New Youth Risk Behavior Survey highlights severe sexual health disparities among minority youth
For Immediate Release
June 15, 2018
Contact: Zach Eisenstein
Phone: (202) 265-2405 ext 333
Yesterday, the Centers for Disease Control and Prevention (CDC) released the 2017 National Youth Risk Behavior Survey (YRBS). This year’s report revealed a mix of positive and negative trends among youth sexual behaviors including, but not limited to: an increase in birth control use; a decrease in condom use; and severe health disparities among lesbian, gay, and bisexual (LGB) youth and youth of color.
While the 2017 YRBS is an invaluable tool in determining the health and well-being of students across the nation and in highlighting disparities, it is also important to recognize that the behaviors are often a reflection of inequities young people face in accessing information and care related to their sexual health.
According to the 2017 YRBS data, the majority of high school students report having had sex by the time they become high school seniors. 56% of females and 59% of males report having had sexual intercourse. Over the last ten years, the number of students reporting that they have ever had sexual intercourse has decreased by 8.3%. Similarly, the number of students who say that they are currently sexually active has also decreased (by 6.3%).
While the report shows a 2.6% increase since 2015 in the reported use of birth control, discouragingly, it also shows a 3.1% decrease in the number of sexually active young people reporting condom use, contributing to an overall decrease of 7.7% over the past decade.
Encouragingly, fewer students who are dating reported experiencing physical dating violence (8% in 2017 compared to 9.6% in 2015) as well as sexual dating violence (6.9% in 2017 compared to 10.6% in 2015). However, students also reported a slight increase in being forced to have sex, with a much higher prevalence among females (11.3%) than males (3.5%).
Perhaps the most concerning data reported in the 2017 YRBS reflects significant disparities among LGB and racial minority youth. Beyond simply reporting these disparities, the data reinforces the fact that there is a clear lack of quality information and resources provided equitably to youth across all demographics.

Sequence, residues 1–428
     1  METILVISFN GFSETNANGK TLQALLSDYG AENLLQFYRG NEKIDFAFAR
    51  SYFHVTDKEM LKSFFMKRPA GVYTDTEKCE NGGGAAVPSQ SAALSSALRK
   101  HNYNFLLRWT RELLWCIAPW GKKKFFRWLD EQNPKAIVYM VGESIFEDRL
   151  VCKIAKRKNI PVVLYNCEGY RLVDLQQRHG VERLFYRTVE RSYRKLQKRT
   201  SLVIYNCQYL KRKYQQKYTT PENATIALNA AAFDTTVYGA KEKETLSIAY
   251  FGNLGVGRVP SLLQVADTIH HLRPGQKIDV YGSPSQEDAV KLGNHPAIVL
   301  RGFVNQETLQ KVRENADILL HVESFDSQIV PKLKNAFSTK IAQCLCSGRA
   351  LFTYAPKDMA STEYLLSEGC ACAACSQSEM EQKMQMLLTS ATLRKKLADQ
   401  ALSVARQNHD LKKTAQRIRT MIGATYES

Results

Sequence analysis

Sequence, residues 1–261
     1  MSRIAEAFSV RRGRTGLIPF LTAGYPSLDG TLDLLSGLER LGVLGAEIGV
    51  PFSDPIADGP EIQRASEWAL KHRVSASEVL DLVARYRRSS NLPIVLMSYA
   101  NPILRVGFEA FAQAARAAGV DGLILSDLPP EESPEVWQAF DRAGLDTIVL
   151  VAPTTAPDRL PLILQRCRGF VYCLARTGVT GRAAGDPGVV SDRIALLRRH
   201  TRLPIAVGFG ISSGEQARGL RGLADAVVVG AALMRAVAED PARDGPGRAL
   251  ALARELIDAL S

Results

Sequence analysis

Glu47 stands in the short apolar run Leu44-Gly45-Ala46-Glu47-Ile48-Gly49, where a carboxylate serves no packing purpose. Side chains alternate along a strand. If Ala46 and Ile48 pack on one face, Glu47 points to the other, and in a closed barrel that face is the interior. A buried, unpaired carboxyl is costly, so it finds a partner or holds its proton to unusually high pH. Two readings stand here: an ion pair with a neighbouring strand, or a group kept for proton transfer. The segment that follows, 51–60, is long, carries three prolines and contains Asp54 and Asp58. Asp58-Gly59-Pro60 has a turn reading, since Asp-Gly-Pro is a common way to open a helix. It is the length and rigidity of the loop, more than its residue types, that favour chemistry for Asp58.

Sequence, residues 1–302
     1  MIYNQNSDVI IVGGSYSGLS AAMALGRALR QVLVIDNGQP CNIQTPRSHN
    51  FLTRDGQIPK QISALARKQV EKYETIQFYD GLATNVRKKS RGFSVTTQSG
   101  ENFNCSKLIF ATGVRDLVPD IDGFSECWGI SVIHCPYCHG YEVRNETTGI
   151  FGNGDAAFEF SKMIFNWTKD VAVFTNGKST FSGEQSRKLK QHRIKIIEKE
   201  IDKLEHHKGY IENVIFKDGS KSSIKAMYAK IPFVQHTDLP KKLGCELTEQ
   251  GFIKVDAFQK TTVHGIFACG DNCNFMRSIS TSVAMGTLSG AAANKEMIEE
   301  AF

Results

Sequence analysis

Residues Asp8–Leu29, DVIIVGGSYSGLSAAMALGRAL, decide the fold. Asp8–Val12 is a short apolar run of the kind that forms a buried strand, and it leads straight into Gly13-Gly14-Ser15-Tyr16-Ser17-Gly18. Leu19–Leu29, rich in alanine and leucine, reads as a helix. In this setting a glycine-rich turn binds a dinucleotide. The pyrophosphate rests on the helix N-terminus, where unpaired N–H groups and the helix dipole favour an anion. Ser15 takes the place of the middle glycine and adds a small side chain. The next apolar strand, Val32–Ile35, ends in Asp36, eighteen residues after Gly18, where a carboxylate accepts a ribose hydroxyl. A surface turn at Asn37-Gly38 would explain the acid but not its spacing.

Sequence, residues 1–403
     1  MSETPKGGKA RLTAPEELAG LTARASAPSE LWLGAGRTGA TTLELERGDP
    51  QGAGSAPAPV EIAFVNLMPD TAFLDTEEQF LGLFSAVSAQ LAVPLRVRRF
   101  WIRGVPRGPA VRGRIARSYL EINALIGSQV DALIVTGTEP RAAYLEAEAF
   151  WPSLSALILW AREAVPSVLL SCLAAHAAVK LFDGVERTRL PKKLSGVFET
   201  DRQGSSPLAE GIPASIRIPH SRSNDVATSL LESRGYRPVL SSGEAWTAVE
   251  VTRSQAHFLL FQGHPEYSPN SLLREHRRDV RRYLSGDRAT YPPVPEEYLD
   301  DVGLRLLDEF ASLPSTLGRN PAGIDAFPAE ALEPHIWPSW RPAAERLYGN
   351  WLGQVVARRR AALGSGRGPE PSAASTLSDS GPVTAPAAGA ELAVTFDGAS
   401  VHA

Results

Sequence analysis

For example, students identifying as black or Hispanic reported lower rates of effective hormonal birth control use and higher rates of experiencing physical dating violence compared to all students.
Furthermore, LGB youth reported significantly higher rates of being forced to have sex and experiencing physical and sexual dating violence compared to all students.
This data should be used in order to remedy disparities—such as efforts to provide more LGBTQ-inclusive and culturally appropriate sex education–and not in a manner that is shaming or stigmatizing LGBTQ youth or youth of color for their health behaviors.
Further analysis and utilization of this data is crucial to advancing the sexual health and well-being of young people across the nation.
The Sexuality Information and Education Council of the U.S. (SIECUS) has served as the national voice for sex education, sexual health, and sexual rights for over 50 years. SIECUS asserts that sexuality is a fundamental part of being human, one worthy of dignity and respect. We advocate for the rights of all people to accurate information, comprehensive sexuality education, and the full spectrum of sexual and reproductive health services. SIECUS works to create a world that ensures social justice inclusive of sexual and reproductive rights.